GLOBAL - Middle East sovereign wealth funds (SWF) have increased their property allocations by 23% so far this year but have also increased their focus on their domestic markets, according to Invesco.
In a report published this week, researchers attributed the mounting interest in "tangible, income-generating assets" to a reduction in risk appetite and increased interest for regional safe havens such as the United Arab Emirates (UAE) and Qatar.
The report, which focused on funds within the Gulf Cooperation Council (GCC), found a reduced level of investment in vehicles that offered international diversification, while, allocations to local development projects across SWF categories have increased.
Despite a belief among a majority of respondents that local investment would increase, the report's authors said diversification vehicles would likely remain crucial to the asset management industry despite a reduction in assets "under any scenario".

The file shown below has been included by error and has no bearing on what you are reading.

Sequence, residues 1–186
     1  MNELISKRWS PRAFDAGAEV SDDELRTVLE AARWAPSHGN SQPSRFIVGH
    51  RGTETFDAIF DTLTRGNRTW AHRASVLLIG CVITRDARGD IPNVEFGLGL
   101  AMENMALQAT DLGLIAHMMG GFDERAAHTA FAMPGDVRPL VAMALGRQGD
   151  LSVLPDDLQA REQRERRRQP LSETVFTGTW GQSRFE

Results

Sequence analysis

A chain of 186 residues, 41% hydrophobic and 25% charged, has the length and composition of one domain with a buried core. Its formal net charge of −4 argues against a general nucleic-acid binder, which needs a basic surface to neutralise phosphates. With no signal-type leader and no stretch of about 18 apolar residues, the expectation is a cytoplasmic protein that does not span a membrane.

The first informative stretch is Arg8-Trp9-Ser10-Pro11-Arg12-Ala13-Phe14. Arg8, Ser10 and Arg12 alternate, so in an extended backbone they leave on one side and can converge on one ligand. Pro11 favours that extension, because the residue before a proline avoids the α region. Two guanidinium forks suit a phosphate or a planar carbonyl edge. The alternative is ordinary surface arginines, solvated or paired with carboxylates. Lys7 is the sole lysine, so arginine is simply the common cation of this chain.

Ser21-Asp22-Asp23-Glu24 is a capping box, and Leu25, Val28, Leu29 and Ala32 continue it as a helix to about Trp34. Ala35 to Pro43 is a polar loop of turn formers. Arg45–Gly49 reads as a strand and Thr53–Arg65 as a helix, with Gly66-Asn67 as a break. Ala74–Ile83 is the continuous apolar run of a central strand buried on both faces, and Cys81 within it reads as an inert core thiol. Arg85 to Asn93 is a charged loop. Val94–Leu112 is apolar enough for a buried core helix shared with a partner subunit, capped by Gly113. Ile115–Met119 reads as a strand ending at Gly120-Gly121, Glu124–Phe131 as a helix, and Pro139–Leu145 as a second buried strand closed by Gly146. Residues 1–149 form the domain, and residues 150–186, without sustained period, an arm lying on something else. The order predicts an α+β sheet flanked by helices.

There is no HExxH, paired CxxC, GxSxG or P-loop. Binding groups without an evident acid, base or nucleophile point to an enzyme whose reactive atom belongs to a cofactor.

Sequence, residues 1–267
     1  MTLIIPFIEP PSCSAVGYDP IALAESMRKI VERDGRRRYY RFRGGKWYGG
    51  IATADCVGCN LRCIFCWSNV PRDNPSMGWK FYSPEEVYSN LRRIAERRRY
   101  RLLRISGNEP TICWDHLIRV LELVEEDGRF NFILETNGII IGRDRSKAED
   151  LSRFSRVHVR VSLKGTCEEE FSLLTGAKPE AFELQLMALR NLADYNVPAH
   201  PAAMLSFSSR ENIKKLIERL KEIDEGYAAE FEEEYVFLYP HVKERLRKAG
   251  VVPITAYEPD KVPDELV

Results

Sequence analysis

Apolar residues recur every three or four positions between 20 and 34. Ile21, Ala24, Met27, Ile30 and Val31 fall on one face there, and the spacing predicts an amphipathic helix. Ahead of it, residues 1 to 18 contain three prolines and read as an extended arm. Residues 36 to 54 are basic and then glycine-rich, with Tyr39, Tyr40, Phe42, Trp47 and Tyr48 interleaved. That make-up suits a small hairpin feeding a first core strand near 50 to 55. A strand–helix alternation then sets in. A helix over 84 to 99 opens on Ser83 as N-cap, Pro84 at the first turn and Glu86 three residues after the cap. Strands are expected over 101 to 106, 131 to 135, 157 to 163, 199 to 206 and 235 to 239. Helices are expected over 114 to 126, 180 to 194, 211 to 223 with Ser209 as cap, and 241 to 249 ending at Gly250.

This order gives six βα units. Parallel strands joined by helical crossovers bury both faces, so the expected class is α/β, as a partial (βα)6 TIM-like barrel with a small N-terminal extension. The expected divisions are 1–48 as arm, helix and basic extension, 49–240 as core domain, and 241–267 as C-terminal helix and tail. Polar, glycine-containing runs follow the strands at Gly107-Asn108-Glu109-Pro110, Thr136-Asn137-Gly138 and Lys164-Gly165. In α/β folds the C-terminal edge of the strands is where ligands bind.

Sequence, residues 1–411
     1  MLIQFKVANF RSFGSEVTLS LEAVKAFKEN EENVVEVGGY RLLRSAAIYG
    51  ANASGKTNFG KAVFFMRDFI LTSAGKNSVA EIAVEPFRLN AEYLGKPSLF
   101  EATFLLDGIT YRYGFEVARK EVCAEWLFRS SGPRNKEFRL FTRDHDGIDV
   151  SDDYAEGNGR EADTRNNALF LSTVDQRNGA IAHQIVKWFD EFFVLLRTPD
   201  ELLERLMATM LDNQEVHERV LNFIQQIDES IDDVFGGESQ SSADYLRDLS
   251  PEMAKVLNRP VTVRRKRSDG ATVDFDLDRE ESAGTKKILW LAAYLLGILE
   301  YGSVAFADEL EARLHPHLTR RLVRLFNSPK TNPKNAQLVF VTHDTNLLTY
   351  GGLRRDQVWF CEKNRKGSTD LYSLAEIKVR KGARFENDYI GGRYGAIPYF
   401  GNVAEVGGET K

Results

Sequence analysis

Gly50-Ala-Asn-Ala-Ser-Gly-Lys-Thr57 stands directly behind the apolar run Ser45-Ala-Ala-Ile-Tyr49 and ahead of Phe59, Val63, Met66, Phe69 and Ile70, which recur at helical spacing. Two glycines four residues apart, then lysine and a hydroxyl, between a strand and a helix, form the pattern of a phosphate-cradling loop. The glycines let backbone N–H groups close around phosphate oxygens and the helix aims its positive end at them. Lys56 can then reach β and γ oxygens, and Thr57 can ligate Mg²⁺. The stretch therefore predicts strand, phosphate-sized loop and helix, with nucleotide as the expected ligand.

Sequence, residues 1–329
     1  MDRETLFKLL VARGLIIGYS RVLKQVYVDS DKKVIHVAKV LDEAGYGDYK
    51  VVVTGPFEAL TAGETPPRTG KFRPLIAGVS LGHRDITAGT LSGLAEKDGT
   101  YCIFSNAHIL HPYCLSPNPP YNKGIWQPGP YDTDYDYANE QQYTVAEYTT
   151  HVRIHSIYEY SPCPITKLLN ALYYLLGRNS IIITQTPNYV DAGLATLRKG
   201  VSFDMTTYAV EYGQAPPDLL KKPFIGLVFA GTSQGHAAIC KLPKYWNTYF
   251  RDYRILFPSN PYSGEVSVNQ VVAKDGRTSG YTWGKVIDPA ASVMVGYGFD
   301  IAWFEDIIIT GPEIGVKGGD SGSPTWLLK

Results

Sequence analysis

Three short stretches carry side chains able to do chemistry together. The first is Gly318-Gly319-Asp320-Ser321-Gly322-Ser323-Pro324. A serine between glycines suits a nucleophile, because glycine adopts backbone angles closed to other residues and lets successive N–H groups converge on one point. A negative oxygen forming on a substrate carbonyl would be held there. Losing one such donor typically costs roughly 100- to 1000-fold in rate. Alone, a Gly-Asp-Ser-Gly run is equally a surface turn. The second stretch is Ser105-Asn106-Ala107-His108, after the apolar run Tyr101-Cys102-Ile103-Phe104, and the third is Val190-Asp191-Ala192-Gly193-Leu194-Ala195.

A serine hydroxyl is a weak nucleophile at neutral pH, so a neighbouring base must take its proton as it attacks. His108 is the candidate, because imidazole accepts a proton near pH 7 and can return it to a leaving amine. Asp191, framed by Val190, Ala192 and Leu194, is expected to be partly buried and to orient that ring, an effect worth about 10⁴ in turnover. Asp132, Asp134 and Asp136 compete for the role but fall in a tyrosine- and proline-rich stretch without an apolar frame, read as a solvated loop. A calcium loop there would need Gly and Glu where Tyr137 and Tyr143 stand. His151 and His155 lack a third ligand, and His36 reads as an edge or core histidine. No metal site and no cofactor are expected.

Invesco's investigation of SWF investment behaviour found that funds with a development mandate were more likely to invest predominantly in local or regional assets.
In contrast, institutions that set out to pursue government strategies have invested predominantly on an international basis - but even these support local development objectives.
While diversification vehicles tend to use the MSCI world index as benchmark, those with a focus on asset management typically have strong local exposure based on insights into markets they know well. SWFs own 88% of GCC investable assets and 74% of new assets.
Meanwhile, despite asset flows from volatile North African states into regional safe havens such as UAE, the report suggested this could effectively represent short-term 'hot money', in contrast to economic drivers for net inflows into Qatar and Saudi Arabia.
Noting a 17% shift towards passive investment strategies, the report's authors also pointed to a shift this year away from a three-year trend for SWFs to invest in external funds as they build up their in-house asset management and direct investment. According to the 2012 data, there is no evidence of a year-on-year increase in the trend, with in-house and direct investments remaining broadly static.